Occupational Outlook Handbook - Job Statistics
Occupational Outlook Handbook, 2004-05 Edition
U.S. Department of Labor
Bureau of Labor Statistics
Occupational Outlook - Tomorrow's Jobs
Making informed career decisions requires reliable information about opportunities in the future. Opportunities result from the relationships between the population, labor force, and the demand for goods and services.
Population ultimately limits the size of the labor force—individuals working or looking for work—which constrains how much can be produced. Demand for various goods and services determines employment in the industries providing them. Occupational employment opportunities, in turn, result from demand for skills needed within specific industries. Opportunities for medical assistants and other health care occupations, for example, have surged in response to rapid growth in demand for health services.
Examining the past and projecting changes in these relationships is the foundation of the Occupational Outlook Program. This chapter presents highlights of Bureau of Labor Statistics projections of the labor force and occupational and industry employment that can help guide your career plans.
Population (from the Occupational Outlook Handbook)
Population trends affect employment opportunities in a number of ways. Changes in population influence the demand for goods and services. For example, a growing and aging population has increased the demand for health services. Equally important, population changes produce corresponding changes in the size and demographic composition of the labor force.
The U.S. population is expected to increase by 24 million over the 2002-12 period, at a slower rate of growth than during both the 1992-2002 and 1982-92 periods. Continued growth will mean more consumers of goods and services, spurring demand for workers in a wide range of occupations and industries. The effects of population growth on various occupations will differ. The differences are partially accounted for by the age distribution of the future population.
The youth population aged 16 to 24, will grow 7 percent over the 2002-12 period. As the baby boomers continue to age, the group aged 55 to 64 will increase by 43.6 percent or 11.5 million persons, more than any other group. Those aged 35 to 44 will decrease in size, reflecting the birth dearth following the baby boom generation.
Minorities and immigrants will constitute a larger share of the U.S. population in 2012. The number of Hispanics is projected to continue to grow much faster than those of all other racial and ethnic groups.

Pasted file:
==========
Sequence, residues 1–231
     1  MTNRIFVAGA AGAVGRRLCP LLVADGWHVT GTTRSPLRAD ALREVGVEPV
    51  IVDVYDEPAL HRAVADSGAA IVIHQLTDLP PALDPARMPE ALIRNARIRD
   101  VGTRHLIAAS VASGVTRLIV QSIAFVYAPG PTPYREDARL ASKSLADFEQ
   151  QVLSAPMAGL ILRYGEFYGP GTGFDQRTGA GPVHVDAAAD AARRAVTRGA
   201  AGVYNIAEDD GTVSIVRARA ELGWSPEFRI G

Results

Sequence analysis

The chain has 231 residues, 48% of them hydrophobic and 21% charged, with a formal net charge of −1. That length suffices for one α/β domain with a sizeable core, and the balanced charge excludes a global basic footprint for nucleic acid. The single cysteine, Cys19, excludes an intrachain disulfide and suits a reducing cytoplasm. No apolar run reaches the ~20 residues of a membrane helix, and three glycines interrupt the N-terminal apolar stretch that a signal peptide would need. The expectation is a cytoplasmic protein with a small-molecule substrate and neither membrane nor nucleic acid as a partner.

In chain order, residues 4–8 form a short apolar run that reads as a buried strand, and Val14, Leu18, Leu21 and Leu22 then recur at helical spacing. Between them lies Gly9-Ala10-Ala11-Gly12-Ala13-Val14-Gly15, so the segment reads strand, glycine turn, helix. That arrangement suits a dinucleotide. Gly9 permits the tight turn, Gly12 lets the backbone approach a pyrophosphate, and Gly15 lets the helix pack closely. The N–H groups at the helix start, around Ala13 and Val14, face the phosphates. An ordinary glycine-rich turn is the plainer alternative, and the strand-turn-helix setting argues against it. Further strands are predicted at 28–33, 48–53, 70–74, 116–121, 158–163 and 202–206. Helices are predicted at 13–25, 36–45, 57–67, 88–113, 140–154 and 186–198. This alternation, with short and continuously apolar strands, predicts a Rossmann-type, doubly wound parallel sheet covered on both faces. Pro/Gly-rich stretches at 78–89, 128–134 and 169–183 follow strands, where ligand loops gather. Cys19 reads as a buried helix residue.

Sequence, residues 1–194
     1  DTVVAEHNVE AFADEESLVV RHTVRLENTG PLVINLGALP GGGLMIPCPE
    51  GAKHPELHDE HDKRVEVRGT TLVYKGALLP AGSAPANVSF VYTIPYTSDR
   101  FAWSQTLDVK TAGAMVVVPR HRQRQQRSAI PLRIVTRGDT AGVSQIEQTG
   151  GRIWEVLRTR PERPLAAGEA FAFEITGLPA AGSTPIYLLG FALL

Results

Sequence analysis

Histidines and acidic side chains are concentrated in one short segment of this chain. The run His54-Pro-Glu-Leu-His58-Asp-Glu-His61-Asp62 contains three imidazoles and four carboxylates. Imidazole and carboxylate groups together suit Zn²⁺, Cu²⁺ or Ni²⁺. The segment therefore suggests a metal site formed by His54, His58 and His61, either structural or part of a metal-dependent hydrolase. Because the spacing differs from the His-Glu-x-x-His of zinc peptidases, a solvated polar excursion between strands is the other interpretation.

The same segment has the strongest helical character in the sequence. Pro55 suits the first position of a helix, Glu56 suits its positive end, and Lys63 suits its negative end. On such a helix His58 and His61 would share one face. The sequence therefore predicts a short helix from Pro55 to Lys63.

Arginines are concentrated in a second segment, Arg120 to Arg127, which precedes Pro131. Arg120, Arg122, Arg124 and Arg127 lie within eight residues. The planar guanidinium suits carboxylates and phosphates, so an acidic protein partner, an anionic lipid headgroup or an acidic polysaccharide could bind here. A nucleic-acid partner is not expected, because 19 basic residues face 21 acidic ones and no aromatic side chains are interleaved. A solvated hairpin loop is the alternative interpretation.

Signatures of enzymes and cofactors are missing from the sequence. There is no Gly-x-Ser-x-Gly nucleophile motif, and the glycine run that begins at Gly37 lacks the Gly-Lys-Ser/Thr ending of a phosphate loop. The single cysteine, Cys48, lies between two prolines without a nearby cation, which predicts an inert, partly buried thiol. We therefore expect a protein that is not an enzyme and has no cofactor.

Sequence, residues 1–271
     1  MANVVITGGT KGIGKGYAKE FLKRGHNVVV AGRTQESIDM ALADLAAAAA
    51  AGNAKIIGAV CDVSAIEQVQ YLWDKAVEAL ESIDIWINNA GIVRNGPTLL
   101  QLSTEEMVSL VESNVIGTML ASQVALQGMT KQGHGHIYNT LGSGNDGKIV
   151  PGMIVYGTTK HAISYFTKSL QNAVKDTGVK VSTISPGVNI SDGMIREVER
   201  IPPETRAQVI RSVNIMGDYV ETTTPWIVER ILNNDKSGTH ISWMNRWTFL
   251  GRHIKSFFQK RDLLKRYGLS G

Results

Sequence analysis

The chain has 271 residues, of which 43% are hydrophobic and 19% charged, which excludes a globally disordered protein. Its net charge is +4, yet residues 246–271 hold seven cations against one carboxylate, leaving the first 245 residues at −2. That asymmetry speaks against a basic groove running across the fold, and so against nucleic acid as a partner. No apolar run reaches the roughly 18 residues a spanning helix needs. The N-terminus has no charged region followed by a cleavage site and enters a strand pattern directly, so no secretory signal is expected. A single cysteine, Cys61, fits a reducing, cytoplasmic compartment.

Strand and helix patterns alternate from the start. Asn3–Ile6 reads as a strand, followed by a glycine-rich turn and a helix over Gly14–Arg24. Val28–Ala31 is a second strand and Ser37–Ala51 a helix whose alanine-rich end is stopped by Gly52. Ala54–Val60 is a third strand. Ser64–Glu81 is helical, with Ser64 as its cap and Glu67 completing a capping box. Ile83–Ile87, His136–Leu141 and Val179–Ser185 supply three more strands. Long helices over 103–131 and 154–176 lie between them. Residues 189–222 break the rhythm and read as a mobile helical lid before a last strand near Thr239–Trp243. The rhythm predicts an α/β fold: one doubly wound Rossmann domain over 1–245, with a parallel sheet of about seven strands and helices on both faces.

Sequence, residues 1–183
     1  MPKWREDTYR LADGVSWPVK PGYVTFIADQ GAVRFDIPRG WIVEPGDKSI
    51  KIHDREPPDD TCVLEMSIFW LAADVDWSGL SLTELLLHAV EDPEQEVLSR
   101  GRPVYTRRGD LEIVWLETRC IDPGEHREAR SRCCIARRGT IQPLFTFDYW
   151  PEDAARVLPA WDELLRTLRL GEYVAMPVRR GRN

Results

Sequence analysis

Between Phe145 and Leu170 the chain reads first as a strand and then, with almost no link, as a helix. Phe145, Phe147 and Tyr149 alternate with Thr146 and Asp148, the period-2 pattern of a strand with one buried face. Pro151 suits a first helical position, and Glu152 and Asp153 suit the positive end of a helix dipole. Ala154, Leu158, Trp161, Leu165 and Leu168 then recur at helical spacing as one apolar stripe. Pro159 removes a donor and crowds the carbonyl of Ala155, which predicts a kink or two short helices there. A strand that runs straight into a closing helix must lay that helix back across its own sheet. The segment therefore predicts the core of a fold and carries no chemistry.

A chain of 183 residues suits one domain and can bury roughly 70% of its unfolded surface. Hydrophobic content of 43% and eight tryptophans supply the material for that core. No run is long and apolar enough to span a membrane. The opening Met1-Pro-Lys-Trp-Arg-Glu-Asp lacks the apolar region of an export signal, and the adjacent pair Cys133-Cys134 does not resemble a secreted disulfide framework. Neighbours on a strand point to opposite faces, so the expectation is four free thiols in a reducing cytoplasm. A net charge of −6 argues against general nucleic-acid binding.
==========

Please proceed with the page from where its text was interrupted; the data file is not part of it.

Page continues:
Population is the single most important factor in determining the size and composition of the labor force—that is, people who are either working or looking for work. The civilian labor force is projected to increase by 17.4 million, or 12 percent, to 162.3 million over the 2002-12 period.
The U.S. workforce will become more diverse by 2012. White, non-Hispanic persons will continue to make up a decreasing share of the labor force, falling from 71.3 percent in 2002 to 65.5 percent in 2012. However, despite relatively slow growth, white, non-Hispanics will remain the largest group in the labor force in 2012. Hispanics are projected to account for an increasing share of the labor force by 2012, growing from 12.4 to 14.7 percent. By 2012, Hispanics will constitute a larger proportion of the labor force than will blacks, whose share will grow from 11.4 percent to 12.2 percent. Asians will continue to be the fastest growing of the four labor force groups.
The numbers of men and women in the labor force will grow, but the number of women will grow at a faster rate than the number of men. The male labor force is projected to grow by 10 percent from 2002 to 2012, compared with 14.3 percent for women. As a result, men’s share of the labor force is expected to decrease from 53.5 to 52.5 percent, while women’s share is expected to increase from 46.5 to 47.5 percent.
The youth labor force, aged 16 to 24, is expected to slightly decrease its share of the labor force to 15 percent by 2012. The primary working age group, between 25 and 54 years old, is projected to decline from 70.2 percent of the labor force in 2002 to 65.9 percent by 2012. Workers 55 and older, on the other hand, are projected to increase from 14.3 percent to 19.1 percent of the labor force between 2002 and 2012, due to the aging of the baby-boom generation.
Total employment is expected to increase from 144 million in 2002 to 165 million in 2012, or by 14.8 percent. The 21 million jobs that will be added by 2012 will not be evenly distributed across major industrial and occupational groups. Changes in consumer demand, technology, and many other factors will contribute to the continually changing employment structure in the U.S. economy.
The following two sections examine projected employment change from both industrial and occupational perspectives. The industrial profile is discussed in terms of primary wage and salary employment. Primary employment excludes secondary jobs for those who hold multiple jobs. The exception is employment in agriculture, which includes self-employed and unpaid family workers in addition to wage and salary workers.
The occupational profile is viewed in terms of total employment—including primary and secondary jobs for wage and salary, self-employed, and unpaid family workers. Of the nearly 144 million jobs in the U.S. economy in 2002, wage and salary workers accounted for 132 million; self-employed workers accounted for 11.5 million; and unpaid family workers accounted for about 140,000. Secondary employment accounted for 1.7 million jobs. Self-employed workers held 9 out of 10 secondary jobs; wage and salary workers held most of the remainder.
Occupational Outlook - page two - Click here to read about the Service Industry and how it will be impacted.